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    ABSTRACT: High levels of high sensitive C-reactive protein (hs-CRP), homocysteine (Hcy) and oxidative stress are known to be associated with premature vascular disease in type 2 diabetes mellitus (DM). The aim of this study was to estimate homocysteine levels and oxidant-antioxidant status and to determine the relationship between them in type 2 diabetic patients with and without microalbuminuria. The study population consisted of 75 subjects [age and sex-matched] divided into three groups. Fasting blood samples were obtained from 50 diabetic patients (25 with and 25 without microalbuminuria) and 25 healthy subjects. The level of blood glucose, HbA1C, urea, creatnine and serum lipids were significantly higher in the patients with microalbuminuria compared with patients without microalbuminuria and control subjects, comparatively higher level in patients with microalbuminuria. On the other hand HDL-C was found to be significantly lower in patients with microalbuminuria. The level of hs-CRP and Hcy levels were found to be significantly higher in patients with microalbuminuria compared with patients without microalbuminuria and healthy controls. The level of plasma thiobarbituric acid reactive substances (TBARS) was markedly increased and the level of enzymic and non-enzymic antioxidant was significantly decreased in the patients with microalbuminuria compared with patients without microalbuminuria and control subjects. The present study highlights the occurrence of lipid peroxidation and possible breakdown of antioxidant status in patients with microalbuminuria. Decreased antioxidant levels, increased lipid peroxidation and increased hs-CRP and Hcy levels were observed in patients with microalbuminuria.
    Int J Biol Med Res. 01/2010; 1:04-08.
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    ABSTRACT: The present study was designed to determine the effect of atorvastain on C-reactive protein in patients with or at risk for coronary heart disease. The study population consisted of 100 patients with or without CHD was recruited for the study, of which 50 belongs to control (untreated) and 50 were test group (treated) and received daily with 10 mg/day of atorvastatin. The patients were followed for over a period of 3 months. For entire study population, the level of C-reactive protein along with lipid profile, apolipoprotein-A-l (Apo-A-I), apolipoprotein (Apo-B), ALT and AST were measured here1st day of initial visit and at the end of 3rd month of the treatment. There was significantly greater reduction in the levels of both lipid profile, lipoproteins and C-reactive protein were found in test group when compare with control group. No serious adverse events were considered associated with treatment. In summary, there is a need for more effective total cholesterol and low-density lipoprotein lowering agents and significantly depressed C-reactive protein concentrations after 3rd month of therapy. These results may be important with respect to the early benefit of statin therapy. These findings suggest that statin-mediated anti-inflammatory effects may contribute to the ability of atorvastatin to reduce risk for coronary heart disease. Atorvastatin should constitute an important independent therapeutic option for patients with hyperlipidemia and anti-inflammatory effect to reduce risk for coronary heart disease.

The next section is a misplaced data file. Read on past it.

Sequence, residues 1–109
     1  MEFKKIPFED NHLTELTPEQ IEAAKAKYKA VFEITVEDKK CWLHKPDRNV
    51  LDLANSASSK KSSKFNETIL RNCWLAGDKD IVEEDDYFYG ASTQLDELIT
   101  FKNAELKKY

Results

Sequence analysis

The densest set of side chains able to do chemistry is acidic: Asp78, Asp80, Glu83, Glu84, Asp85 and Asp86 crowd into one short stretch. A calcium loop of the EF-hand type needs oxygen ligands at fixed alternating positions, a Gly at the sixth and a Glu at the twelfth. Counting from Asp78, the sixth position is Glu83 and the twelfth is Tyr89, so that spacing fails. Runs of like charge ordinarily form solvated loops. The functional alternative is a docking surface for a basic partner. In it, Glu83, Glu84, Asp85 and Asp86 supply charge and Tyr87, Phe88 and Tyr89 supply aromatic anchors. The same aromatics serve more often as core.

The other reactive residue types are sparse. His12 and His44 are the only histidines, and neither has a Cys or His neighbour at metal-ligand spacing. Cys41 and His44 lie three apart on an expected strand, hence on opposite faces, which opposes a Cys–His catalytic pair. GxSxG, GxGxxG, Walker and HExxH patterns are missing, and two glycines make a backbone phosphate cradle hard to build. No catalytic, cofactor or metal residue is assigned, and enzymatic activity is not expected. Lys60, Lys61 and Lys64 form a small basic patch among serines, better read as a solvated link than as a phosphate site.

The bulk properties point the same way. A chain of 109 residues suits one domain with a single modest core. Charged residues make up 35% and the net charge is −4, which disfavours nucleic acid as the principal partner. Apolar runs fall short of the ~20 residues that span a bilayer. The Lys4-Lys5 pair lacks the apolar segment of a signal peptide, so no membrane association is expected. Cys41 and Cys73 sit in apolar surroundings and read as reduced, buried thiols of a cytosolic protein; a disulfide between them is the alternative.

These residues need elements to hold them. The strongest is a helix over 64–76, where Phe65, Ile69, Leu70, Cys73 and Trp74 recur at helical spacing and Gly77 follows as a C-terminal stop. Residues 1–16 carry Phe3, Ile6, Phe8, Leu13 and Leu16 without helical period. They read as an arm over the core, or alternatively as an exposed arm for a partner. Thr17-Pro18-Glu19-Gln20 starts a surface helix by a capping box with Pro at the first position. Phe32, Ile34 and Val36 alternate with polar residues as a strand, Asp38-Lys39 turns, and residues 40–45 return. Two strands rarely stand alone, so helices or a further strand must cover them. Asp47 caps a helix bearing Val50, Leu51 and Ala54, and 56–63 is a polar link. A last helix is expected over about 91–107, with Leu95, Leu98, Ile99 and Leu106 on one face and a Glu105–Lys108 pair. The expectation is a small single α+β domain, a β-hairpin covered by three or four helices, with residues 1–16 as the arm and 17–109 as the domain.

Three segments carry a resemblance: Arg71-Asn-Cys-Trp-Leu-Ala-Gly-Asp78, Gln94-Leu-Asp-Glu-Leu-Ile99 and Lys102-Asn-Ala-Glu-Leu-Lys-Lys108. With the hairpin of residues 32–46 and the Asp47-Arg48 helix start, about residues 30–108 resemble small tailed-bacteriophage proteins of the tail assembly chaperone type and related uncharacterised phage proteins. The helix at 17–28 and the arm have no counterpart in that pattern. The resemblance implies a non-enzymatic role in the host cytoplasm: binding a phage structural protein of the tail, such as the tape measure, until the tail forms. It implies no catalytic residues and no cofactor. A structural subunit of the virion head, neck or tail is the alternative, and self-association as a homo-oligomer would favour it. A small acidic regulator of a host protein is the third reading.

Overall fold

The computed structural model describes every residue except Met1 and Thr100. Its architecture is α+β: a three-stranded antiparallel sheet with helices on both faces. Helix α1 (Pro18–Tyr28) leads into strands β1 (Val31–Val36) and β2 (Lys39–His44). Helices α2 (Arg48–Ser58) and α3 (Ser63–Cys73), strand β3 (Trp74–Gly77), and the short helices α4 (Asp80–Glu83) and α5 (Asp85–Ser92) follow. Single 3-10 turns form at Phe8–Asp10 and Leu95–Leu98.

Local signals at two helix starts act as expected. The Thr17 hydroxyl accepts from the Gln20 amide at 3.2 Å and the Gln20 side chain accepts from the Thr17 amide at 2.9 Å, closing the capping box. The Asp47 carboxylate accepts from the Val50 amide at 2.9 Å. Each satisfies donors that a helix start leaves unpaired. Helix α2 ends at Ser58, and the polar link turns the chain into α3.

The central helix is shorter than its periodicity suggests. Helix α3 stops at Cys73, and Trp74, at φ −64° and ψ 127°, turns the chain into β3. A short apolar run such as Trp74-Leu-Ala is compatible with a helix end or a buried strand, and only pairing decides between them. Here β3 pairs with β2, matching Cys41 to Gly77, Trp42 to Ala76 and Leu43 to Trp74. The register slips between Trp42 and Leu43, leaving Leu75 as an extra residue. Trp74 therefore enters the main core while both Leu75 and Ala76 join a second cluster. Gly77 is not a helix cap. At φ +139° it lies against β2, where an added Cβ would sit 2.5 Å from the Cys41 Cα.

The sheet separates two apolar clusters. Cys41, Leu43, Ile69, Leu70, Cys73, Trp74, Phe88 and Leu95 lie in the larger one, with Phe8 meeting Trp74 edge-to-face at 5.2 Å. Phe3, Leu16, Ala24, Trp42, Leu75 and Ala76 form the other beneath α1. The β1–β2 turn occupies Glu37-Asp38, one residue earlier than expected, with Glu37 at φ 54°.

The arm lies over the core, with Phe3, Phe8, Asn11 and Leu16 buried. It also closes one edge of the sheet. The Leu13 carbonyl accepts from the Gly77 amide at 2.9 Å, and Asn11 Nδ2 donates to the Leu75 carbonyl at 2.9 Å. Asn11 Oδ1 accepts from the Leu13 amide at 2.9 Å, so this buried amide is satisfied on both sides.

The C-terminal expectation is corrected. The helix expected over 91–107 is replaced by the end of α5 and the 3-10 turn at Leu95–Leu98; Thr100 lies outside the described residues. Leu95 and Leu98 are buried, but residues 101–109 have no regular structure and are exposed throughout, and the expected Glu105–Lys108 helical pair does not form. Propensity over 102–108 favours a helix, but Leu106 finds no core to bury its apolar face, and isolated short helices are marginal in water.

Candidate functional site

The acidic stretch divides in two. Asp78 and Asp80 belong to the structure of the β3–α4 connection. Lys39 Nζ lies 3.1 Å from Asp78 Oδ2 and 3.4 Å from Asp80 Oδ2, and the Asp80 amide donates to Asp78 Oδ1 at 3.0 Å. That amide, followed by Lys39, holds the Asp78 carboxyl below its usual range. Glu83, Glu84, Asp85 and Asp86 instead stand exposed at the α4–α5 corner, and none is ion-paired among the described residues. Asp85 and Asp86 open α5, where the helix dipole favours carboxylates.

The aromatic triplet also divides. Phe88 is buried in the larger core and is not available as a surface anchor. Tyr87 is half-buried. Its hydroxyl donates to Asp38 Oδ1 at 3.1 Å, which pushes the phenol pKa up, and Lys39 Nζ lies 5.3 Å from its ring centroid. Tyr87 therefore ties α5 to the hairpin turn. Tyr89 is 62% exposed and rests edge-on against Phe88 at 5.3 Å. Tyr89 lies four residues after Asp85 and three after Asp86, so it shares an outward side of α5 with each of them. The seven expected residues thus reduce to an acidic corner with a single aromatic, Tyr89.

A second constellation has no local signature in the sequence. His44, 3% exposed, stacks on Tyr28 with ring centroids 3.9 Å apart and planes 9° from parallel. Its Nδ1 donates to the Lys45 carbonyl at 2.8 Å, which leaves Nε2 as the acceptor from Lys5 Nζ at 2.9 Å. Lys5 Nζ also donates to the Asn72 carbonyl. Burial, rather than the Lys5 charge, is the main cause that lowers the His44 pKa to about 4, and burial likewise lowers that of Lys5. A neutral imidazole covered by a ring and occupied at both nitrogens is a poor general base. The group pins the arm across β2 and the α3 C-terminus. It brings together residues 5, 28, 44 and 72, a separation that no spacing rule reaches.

International Journal of Pharmaceutical Sciences. 01/2010; 1:101-104.